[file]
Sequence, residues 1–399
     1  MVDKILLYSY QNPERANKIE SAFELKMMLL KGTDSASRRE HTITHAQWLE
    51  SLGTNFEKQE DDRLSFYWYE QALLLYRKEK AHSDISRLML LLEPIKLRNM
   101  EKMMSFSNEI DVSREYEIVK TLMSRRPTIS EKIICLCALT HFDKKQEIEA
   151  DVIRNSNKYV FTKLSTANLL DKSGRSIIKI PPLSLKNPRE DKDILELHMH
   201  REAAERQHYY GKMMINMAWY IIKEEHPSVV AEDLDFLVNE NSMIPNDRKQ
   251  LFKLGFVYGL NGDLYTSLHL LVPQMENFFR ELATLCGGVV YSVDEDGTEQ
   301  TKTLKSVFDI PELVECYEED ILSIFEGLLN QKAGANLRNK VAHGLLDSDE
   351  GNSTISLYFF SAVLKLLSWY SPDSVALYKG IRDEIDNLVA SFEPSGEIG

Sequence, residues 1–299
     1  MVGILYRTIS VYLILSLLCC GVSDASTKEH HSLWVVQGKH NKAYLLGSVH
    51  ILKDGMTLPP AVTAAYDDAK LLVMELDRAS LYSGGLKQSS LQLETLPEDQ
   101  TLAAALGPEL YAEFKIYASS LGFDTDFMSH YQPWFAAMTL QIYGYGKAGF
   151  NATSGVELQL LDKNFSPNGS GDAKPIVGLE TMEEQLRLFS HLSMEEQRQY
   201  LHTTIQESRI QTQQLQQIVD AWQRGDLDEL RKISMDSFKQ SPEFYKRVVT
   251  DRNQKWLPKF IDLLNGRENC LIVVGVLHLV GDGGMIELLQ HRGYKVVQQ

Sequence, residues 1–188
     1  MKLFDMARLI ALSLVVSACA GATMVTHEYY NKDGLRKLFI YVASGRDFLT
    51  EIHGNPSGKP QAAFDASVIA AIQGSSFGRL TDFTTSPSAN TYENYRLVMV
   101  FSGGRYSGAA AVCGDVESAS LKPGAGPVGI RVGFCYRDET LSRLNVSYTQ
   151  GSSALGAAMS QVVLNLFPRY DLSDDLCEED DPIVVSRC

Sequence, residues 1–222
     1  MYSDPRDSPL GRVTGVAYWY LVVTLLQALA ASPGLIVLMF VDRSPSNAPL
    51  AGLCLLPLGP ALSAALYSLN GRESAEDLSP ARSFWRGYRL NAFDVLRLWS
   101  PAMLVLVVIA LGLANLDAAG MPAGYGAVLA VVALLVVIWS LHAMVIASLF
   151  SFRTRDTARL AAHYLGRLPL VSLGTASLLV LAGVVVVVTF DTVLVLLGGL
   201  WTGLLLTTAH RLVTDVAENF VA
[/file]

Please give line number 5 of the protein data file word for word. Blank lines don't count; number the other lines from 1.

   151  DVIRNSNKYV FTKLSTANLL DKSGRSIIKI PPLSLKNPRE DKDILELHMH